Home Health Blogger

M1033 8 - Exhaustion: OASIS Hospital Admission Risk

Posted by Melissa Cott on Aug 27, 2023

If a patient is experiencing exhaustion - reported on OASIS M1033 Hospitalization Risk – 8 - Exhaustion, determining the reason as well as careplanning for exhaustion would be indicated for the home health clinician.

If your patient has exhaustion, the careplan (i.e. the CMS485) should include related goals and interventions.

Causes of Exhaustion

Many diagnoses can cause exhaustion & fatigue. However exhaustion is COMMONLY experienced by patients who are taking certain medications, such as antidepressants, antihistamines, and medicines for nausea and pain and those having medical treatments, like chemotherapy and radiation, or recovery from major surgery.

Patients also experience exhaustion with…

  • infections
  • chronic diseases like diabetes, heart disease, kidney disease, liver disease, thyroid disease, and chronic obstructive pulmonary disease (COPD)
  • Download Patient Teaching Sheet  for Exhaustion & Fatigueuntreated pain and diseases like fibromyalgia
  • anemia
  • sleep apnea and other sleep disorders
  • thyroid disease


Home Health Responsibilities

1. Report patient's exhaustion to the physician.

  1. If it is not already diagnosed - i.e. not identified in the patient history & physical, report.

2. Encourage the patient to keep a 'fatigue' diary.

Keeping a fatigue diary will help in determining patterns of exacerbations & relief to determine the root cause.

3. If not contraindicated, encourage any type of physical exercise.

“Exercise has consistently been linked to improved vigor and overall quality of life,” says Kerry J. Stewart, professor of medicine and director of clinical and research exercise physiology at Johns Hopkins University School of Medicine. “People who become active have a greater sense of self-confidence. But exercise also improves the working efficiency of your heart, lungs, and muscles,” Stewart says. “That’s the equivalent of improving the fuel efficiency of a car. It gives you more energy for any kind of activity.”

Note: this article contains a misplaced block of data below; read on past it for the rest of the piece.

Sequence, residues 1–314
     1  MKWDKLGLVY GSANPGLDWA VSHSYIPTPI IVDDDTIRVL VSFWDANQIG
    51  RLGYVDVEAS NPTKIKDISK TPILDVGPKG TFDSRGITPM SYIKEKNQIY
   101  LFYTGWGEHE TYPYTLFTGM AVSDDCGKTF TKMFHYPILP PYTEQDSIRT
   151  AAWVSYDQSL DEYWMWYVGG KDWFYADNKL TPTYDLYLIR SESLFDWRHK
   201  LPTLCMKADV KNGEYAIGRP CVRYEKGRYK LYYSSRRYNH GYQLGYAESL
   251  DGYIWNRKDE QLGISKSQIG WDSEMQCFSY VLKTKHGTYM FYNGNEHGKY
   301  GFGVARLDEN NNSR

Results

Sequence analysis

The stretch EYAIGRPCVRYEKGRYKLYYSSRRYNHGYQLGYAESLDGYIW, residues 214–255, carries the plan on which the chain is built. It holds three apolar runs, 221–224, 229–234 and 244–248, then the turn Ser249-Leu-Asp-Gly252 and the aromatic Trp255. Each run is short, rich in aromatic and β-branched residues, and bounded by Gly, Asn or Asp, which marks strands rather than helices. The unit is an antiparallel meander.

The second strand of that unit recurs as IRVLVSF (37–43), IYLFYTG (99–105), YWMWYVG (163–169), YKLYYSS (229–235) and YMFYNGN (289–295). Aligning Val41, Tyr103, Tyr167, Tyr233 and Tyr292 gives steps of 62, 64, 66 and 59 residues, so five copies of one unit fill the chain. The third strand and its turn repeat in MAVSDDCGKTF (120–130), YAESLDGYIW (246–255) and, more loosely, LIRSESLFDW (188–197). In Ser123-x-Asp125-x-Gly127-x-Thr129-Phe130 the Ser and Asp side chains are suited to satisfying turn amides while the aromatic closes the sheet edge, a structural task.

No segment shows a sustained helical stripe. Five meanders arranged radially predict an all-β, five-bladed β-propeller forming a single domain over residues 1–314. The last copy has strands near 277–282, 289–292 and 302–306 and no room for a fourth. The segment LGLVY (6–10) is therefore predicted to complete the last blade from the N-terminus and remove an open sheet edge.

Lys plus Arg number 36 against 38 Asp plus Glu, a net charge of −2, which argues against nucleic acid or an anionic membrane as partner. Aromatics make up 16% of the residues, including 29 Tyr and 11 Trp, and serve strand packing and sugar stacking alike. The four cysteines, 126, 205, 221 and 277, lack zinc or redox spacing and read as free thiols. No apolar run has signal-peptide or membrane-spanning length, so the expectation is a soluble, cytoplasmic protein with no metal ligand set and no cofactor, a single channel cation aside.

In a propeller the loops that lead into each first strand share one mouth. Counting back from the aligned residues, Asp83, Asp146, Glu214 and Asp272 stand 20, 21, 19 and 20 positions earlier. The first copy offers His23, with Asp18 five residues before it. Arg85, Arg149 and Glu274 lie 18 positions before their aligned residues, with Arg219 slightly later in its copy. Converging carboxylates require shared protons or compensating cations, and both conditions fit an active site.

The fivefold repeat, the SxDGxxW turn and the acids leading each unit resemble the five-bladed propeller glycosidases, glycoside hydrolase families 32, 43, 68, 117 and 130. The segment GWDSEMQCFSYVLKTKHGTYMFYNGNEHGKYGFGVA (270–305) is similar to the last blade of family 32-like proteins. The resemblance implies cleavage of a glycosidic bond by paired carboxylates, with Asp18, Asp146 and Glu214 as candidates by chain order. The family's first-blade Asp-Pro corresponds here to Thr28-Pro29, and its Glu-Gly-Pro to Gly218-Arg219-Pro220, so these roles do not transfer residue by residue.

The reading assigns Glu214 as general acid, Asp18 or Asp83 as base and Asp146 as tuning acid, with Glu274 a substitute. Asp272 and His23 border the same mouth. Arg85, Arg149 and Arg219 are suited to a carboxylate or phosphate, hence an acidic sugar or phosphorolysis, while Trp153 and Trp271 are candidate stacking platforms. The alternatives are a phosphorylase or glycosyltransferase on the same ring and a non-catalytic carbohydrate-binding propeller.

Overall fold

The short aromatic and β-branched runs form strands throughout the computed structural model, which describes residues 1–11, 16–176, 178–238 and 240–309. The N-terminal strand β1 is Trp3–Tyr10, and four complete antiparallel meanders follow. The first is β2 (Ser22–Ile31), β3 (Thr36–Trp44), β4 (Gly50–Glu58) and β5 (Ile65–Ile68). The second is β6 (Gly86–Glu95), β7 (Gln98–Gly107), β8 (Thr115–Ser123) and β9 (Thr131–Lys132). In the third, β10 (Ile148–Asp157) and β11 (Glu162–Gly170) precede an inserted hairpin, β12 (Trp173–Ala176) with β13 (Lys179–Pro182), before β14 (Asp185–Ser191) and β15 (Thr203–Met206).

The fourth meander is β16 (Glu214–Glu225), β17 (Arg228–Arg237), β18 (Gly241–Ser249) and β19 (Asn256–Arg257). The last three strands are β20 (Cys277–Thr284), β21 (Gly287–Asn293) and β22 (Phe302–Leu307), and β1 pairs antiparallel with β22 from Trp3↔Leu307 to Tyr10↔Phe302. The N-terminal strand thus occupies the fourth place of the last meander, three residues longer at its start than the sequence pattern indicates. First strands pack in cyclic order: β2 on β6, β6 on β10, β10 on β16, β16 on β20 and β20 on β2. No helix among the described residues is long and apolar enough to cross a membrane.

Encourage your patient to exercise regularly. Almost anyone, at any age, can do some type of physical activity. If you have concerns about starting an exercise program, ask your doctor if there are any activities you should avoid. Moderate exercise may improve your appetite, energy, and outlook. Some people find that exercises combining balance and breathing (for example, tai chi or yoga) improve their energy.

4. If not contraindicated, encourage drinking more water.

Dehydration zaps energy and impairs physical performance. “Our research shows that dehydration makes it harder for athletes to complete a weight lifting workout,” says Dan Judelson, PhD, assistant professor of kinesiology at California State University at Fullerton. "It’s reasonable to think that dehydration causes fatigue even for people who are just doing chores."

Dehydration has also been shown to decrease alertness and concentration.

How should the patient know if s/he is drinking enough water? “Urine should be pale yellow or straw colored,” Judelson says. “If it’s darker than that, you need to drink water.”

5. Encourage early bedtime and avoid naps.

Lack of sleep increases the risk of accidents and is one of the leading causes of daytime fatigue. Encourage the patient to get to bed early enough for a full night’s sleep.

When people enrolled in a 2004 Stanford University study were allowed to sleep as long as they wanted, they reported more vigor and less fatigue. Good sleep habits may also have important health benefits. Centenarians report better than average sleep.

Explain to your patient to avoid long naps (over 30 minutes) late in the day. Long naps can leave one feeling groggy and may make it harder to fall asleep at night. 

6. Eat more frequently.

Some people may benefit by eating smaller meals more frequently during the day. This may help to steady blood sugar level.

Encourage whole grains and other complex carbohydrates. These take longer than refined carbohydrates to digest, preventing fluctuations of blood sugar.

7. Stop smoking and control weight.

If the patient eats more often instruct them to watch portion sizes to avoid weight gain.

Stop smoking. Smoking is linked to many diseases and disorders, such as cancer, heart disease, and breathing problems, which can drain energy.